Welcome to Our Site

  • Cemeteries

    USGenWeb Project has stored all the transcriptions that have been submitted to date for this project.

    Cemeteries of Lewis County include many that are reminders of ghost towns long gone, but not forgotten.

    Thank you volunteers for your continual support with transcribing our local cemeteries.

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  • Lewis County History

    Lewis County was created on December 19, 1845, by the provisional government of Oregon Territory, named after the pioneer explorer, Meriwether Lewis.

    Visually, Lewis County was once so large geographically that is has become known as the “mother of all counties” – spanning all the land west of the Cowlitz River and north to present-day Sitka, Alaska.

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  • Centralia 1902
  • Onalaska 1918
  • Chehalis 1920
  • Cheahlis 1908
  • Farming 1950
  • Farming 1949
  • Chehalis 1920
  • Picnic 1922
  • St. Helen's Hospital 1907
  • Onalaska 1950
  • Chehalis 1918
  • Mrs. Washington Contestants 1957
  • Onalaska 1944
  • Onalaska 1944



    Climbing your family tree. How-to proceed in your genealogical quest. More »



    Publications for Sale compiled by LCGS. Cemetery, Birth, Death, Marriage More »


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    LCGS Members' Surname File | Email us queries & questions. More »

LCGS Speaker & Topic | Meeting Date: Tuesday, 19 June 2018

Mary Kircher Roddy:  "Ins & Outs of Indexes: Keys to Unlocking Probates, Deeds & More"

Indexes for county records can be the key to finding deeds, probates and other records. As Family search continues to digitize and make available more and more records, it's crucial to be familiar with the different indexing systems and how to use them. Whether you use the FamilySearch website, order microfilm, or go directly to a county office to find records, you need to be aware of how the records might be organized.

County record books contain various systems for indexing records. Generally, you first have to search an index volume to find a name, and gather the details of book and page numbers directing them where to find the actual deed, will, or other document in the record books.

Much of what FamilySearch is putting up are Image-only records, and are not searchable by name. The name indexing of these records lags behind the process of making the images available, but because of the county-level indexes which are also being digitized, it probably isn't immediately necessary to spend volunteer hours to index these records if users learn how to navigate the index books. She will cover several common indexing schemes used in count books for deed, naturalization papers papers, probate files and more include the "l-m-n-r-t Key Index." "Division tables to Graves Tabular Initial Index," "The Campbell Index," "Burr's Index," and others. This presentation will give us the skills to recognize the different types of indexes and be comfortable deciphering how to locate their chosen record.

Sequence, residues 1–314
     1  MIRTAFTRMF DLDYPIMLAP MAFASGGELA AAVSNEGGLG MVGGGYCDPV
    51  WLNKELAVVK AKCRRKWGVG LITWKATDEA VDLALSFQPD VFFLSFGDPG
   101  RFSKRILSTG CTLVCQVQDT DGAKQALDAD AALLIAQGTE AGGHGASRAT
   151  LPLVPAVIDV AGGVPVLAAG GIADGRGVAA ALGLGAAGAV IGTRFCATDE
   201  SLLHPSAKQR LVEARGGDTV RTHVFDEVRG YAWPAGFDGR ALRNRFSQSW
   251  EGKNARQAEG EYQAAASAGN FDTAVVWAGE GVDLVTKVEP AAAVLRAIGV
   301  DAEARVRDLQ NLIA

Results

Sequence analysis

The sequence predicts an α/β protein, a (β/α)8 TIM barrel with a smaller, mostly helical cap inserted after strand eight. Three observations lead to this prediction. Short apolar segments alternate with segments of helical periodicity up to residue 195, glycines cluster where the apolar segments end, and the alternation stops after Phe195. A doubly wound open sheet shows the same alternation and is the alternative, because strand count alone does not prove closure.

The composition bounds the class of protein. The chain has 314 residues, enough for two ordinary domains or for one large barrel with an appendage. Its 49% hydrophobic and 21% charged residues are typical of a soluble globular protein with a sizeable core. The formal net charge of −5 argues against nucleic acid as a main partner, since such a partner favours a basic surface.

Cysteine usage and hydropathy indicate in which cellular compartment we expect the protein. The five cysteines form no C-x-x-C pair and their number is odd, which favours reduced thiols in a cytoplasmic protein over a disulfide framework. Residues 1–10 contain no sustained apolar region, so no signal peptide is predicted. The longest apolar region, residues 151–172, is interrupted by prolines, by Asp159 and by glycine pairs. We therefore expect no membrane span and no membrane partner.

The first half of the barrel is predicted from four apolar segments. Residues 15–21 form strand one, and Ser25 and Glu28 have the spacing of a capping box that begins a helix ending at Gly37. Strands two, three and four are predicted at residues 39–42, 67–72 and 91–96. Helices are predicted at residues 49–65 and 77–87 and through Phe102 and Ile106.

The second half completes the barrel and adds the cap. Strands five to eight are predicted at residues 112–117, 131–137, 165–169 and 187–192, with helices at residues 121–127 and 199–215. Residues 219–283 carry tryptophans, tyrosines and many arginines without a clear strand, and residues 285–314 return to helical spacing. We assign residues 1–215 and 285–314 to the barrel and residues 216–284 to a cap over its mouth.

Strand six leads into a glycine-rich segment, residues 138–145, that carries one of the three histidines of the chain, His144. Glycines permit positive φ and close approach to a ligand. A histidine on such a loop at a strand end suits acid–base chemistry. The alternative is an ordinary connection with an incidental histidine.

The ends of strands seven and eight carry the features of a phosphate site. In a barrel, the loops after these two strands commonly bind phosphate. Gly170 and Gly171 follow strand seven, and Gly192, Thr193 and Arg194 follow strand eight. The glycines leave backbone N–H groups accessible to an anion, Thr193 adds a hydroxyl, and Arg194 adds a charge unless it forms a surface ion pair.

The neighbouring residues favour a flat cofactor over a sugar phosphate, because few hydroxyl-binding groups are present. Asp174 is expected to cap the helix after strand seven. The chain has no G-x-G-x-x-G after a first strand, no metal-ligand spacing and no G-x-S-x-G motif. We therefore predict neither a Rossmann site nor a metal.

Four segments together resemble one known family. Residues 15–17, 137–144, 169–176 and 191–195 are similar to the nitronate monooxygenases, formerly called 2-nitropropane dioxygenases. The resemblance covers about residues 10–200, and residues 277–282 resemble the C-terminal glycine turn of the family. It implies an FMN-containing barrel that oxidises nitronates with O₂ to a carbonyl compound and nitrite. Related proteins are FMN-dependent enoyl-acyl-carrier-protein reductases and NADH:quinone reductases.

Mary Kircher Roddy grew up in San Rafael, California. She earned a Bachelor degree in Liberal Studies from the University of California, Riverside in 1982 and a Master in Professional Accounting from the University of Texas in 1984. She earned a certificate in Genealogy and Family History at the University of Washington in 2005.

Mary became interested in genealogy in 2000 in anticipation of a sabbatical in Ireland where her husband was a Fulbright Scholar at the University of Limerick. She was sure she would complete all her Irish genealogy while her husband taught at UL and her children attended Monaleen School. Seventeen years later, the genealogy is still a work in progress. But the trip to Ireland awakened something deep in her Celtic bloodlines, the Irish tradition of the Seanachi, the storytellers and historians of yore.

Mary has published articles in Family Chronicle and Internet Genealogy. She's currently working on a novel set in the San Francisco area in 1900 and 1901, based on stories of several of her ancestors and their associates which she discovered in her genealogical research.

Mary frequently lectures around the Seattle area, and is an active member of Seattle Genealogical Society. She is a regular webinar presenter with Legacy Family Tree Webinars.

She is a member of the Genealogical Speakers Guild, The Association of Professional Genealogists, and the National Genealogical Society.

Visitors are always welcome!

The meeting is at 6:30 pm, with doors open at 6:15 at St. John's Lutheran Church,
2190 Jackson Hwy, Chehalis, WA 98532